New find spotlights super-long-necked dinos

  • February 01, 2015
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New find spotlights super-long-necked dinos


A new species of “extreme” dinosaur with a very long neck has turned up in China, shining a spotlight on the diversity of an unusual dinosaur lineage known as mamenchisaurids.

Qijianglong (pronounced “CHI-jyang-lon”) was about 15 meters (16 yards) long and its neck took up about half that length, according to researchers. The animal lived an estimated 160 million years ago in the Late Jurassic era.

The name means “dragon of Qijiang,” for its discovery near Qijiang City in China. (The “long” in the name comes from the Chinese word for dragon, not from “long” neck.)

Paleontologists from the University of Alberta in Canada have published a description of the skeleton in the Journal of Vertebrate Paleontology.

Scientists digging the area, after construction workers originally identified the site, eventually hit a series of large neck vertebrae stretched out in the ground. Incredibly, they said, the head was still attached. “It is rare to find a head and neck of a long-necked dinosaur together because the head is so small and easily detached after the animal dies,” said doctoral student Tetsuto Miyashita, one of the researchers.

Most long-necked dinosaurs, which form part of a group called sauropods, have necks only about one third the length of their bodies, but with mamenchisaurids the neck can get even longer.

Unique among mamenchisaurids, Qijianglong had hollow neck vertebrae, making their necks relatively light despite their immense size, the researchers added. Interlocking joints between the vertebrae also indicate a surprisingly stiff neck that was much more mobile bending vertically than sideways, similar to a construction crane.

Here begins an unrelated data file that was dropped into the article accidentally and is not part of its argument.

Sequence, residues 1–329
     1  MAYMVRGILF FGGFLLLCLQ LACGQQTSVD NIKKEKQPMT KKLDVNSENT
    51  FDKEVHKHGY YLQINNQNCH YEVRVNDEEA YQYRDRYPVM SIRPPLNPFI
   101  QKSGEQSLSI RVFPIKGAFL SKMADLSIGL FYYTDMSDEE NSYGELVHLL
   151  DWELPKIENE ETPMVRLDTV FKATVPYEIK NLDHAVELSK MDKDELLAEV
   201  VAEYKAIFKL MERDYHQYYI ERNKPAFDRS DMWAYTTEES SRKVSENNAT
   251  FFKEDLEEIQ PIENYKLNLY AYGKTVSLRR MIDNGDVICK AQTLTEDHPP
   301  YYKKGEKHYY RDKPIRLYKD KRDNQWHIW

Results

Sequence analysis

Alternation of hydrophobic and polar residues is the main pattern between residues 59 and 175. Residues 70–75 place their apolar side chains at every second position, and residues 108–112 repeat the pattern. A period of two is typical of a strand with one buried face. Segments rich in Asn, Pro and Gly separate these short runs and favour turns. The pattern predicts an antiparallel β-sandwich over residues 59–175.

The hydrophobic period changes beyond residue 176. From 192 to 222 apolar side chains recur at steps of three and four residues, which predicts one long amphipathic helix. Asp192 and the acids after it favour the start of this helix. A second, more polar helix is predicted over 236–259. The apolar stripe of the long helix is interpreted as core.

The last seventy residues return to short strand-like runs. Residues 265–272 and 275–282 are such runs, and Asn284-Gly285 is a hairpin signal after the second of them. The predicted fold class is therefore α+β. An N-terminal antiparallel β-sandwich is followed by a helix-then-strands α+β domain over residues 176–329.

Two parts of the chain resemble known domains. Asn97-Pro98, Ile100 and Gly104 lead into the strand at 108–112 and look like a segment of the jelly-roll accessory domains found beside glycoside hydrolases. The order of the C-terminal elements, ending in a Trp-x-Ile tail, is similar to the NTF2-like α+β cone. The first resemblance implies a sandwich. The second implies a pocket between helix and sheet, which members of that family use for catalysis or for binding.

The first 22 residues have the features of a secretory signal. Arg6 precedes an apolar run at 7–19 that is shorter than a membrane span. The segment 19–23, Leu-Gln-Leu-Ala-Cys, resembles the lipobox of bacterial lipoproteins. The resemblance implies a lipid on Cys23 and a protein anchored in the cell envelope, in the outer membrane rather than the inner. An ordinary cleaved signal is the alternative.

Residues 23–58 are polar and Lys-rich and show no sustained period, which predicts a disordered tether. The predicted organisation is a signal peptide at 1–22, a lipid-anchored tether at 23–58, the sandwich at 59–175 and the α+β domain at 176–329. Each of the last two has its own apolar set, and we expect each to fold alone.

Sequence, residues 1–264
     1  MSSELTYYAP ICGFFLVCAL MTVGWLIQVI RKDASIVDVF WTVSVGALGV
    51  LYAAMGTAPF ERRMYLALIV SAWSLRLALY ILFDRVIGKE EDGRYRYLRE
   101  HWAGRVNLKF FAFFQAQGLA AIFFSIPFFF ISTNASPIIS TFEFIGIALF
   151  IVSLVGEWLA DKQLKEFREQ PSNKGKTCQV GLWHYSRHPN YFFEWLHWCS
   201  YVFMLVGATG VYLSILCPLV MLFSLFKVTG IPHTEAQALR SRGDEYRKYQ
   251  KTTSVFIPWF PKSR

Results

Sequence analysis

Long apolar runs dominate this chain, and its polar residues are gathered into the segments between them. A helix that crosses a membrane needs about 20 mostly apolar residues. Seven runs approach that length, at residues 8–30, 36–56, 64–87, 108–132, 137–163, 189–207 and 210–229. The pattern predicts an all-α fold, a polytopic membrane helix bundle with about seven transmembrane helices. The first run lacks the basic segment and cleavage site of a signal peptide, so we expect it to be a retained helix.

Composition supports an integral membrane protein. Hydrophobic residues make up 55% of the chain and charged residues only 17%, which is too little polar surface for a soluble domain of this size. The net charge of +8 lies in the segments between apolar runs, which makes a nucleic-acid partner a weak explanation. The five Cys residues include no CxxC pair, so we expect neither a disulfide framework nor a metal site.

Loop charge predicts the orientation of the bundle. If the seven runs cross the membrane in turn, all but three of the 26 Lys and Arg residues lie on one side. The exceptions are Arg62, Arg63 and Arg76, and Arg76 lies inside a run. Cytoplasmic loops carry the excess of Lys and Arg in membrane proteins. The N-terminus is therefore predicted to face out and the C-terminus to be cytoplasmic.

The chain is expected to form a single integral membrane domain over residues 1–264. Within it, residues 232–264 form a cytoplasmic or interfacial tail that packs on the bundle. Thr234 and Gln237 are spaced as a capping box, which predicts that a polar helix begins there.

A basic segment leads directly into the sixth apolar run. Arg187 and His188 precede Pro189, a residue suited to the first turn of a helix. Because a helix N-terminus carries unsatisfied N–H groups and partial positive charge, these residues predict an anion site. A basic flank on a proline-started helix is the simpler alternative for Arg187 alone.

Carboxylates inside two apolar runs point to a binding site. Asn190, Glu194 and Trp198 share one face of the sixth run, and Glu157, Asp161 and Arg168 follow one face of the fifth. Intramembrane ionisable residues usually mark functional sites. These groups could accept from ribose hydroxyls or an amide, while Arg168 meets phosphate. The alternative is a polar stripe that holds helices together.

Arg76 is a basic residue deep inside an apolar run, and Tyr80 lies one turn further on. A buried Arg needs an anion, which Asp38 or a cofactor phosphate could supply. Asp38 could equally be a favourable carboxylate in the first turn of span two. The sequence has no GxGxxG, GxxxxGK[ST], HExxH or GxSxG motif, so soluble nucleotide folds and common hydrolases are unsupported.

“Qijianglong is a cool animal. If you imagine a big animal that is half-neck, you can see that evolution can do quite extraordinary things,” said Miyashita.

Mamenchisaurids are only found in Asia, he added, but the discovery reveals that there could be as many differences among mamenchisaurids as there are between long-necked dinosaurs from different continents.

“Qijianglong shows that long-necked dinosaurs diversified in unique ways in Asia during Jurassic times-something very special was going on in that continent,” said Miyashita. “Nowhere else we can find dinosaurs with longer necks than those in China. The new dinosaur tells us that these extreme species thrived in isolation from the rest of the world.”

Miyashita believes that mamenchisaurids evolved into many different forms when other long-necked dinosaurs went extinct in Asia. “It is still a mystery why mamenchisaurids did not migrate to other continents,” he said. It's possible they were once isolated as a result of a large barrier such as a sea, and lost in competition with invading species when a land connection reappeared later.

The Qijianglong skeleton is now housed in a local museum in Qijiang. “China is home to the ancient myths of dragons,” said Miyashita, “I wonder if the ancient Chinese stumbled upon a skeleton of a long-necked dinosaur like Qijianglong and pictured that mythical creature.”

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